And today's first topic concerns the United States and Russia. On Friday the U.S. government announced its plans to pull out of the international agreement that concerns nuclear weapons. On Saturday, the Russian government announced it was also suspended its participation in the agreement. The deal we're talking about is more than three decades old. It was signed when Russia was the dominant part of the Soviet Union.
It was called the Intermediate Range Nuclear Forces Treaty or INF Treaty. What the U.S. and the Soviet Union did was agree to stop making missiles that could be launched from land and could travel between 300 and 3,400 miles. The treaty did not cover missiles that could travel the same distances, but are launched from planes or ships. Why was the treaty made? Because both sides were developing dangerous weapons that could carry nuclear warheads and placing these missiles in Europe.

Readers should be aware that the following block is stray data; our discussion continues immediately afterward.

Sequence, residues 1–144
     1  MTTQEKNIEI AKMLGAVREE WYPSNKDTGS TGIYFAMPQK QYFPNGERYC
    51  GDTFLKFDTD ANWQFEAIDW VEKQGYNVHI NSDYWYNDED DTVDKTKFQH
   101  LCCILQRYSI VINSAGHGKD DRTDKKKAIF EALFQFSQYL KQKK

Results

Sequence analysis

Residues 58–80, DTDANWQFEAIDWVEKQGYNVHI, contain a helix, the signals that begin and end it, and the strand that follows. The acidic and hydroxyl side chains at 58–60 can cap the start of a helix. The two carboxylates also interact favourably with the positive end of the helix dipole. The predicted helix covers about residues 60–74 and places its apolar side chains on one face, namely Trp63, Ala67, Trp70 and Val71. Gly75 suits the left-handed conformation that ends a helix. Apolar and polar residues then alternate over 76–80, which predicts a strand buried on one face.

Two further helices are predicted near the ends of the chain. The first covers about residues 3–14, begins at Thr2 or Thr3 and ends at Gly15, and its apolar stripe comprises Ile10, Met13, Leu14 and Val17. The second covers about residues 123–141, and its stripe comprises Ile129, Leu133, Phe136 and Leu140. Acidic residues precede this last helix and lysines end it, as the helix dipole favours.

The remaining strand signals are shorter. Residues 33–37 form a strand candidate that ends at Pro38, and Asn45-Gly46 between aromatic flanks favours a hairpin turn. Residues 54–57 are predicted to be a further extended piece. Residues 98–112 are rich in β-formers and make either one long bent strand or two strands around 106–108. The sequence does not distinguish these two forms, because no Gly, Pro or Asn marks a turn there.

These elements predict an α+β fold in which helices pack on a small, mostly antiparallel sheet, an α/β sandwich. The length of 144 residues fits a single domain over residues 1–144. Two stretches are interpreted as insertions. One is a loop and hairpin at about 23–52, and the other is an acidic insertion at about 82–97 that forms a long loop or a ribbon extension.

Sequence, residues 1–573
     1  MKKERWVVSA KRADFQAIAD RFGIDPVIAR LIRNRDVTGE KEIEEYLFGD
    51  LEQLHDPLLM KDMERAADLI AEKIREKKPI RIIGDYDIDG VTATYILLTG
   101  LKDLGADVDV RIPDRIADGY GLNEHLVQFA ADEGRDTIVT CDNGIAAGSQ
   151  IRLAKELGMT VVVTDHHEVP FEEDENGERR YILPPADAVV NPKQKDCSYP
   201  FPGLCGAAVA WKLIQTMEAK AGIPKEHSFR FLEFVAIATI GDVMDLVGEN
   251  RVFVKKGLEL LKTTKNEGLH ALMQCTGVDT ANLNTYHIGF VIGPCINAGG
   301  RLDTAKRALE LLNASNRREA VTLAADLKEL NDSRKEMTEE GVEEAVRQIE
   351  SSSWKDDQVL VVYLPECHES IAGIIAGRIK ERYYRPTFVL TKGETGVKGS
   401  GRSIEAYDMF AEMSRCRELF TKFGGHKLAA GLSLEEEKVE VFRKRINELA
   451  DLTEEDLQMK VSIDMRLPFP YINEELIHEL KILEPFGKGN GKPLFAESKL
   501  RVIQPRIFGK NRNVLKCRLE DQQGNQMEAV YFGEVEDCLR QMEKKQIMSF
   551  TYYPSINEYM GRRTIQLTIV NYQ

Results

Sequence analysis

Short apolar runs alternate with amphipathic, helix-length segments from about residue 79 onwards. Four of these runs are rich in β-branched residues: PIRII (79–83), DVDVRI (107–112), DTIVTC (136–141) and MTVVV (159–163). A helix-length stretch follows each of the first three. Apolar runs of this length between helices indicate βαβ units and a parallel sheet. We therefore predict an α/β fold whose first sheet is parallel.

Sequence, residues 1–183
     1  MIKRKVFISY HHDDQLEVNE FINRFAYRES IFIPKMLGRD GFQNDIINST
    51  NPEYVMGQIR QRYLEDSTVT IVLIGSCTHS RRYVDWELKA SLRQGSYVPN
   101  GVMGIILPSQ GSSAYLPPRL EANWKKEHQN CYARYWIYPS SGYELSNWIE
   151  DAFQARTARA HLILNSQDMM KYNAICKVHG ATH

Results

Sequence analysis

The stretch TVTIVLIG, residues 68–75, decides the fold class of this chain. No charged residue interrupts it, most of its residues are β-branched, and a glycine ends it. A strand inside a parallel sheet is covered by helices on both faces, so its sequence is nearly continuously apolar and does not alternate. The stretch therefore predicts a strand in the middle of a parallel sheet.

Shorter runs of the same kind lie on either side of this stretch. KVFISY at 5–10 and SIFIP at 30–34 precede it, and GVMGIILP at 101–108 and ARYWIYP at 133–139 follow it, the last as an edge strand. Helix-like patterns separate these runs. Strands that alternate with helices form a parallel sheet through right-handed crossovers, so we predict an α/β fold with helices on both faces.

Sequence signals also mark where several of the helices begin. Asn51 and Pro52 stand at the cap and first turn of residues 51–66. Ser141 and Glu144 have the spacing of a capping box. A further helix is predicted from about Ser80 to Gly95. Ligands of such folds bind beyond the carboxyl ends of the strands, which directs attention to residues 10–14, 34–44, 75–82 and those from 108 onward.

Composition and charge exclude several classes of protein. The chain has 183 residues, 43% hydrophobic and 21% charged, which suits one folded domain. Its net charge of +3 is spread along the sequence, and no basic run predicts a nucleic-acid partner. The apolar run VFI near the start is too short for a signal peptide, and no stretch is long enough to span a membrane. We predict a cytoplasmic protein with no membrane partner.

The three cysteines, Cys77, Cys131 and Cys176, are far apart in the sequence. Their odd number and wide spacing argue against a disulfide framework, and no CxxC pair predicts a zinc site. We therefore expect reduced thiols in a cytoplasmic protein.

There were concerns that all this was bringing the U.S. and the Soviet Union closer to war. The treaty remained in place after the Soviet Union broke up in 1991. But in 2014, the U.S. government under the Obama Administration, publicly accused Russia of violating the agreement. And late last week, the Trump Administration said the U.S. would leave the deal, unless Russia came back in line within it, within six months. Russia has repeatedly denied that it was violating the treaty. But there's another country, China, that may also factor into what's taking place.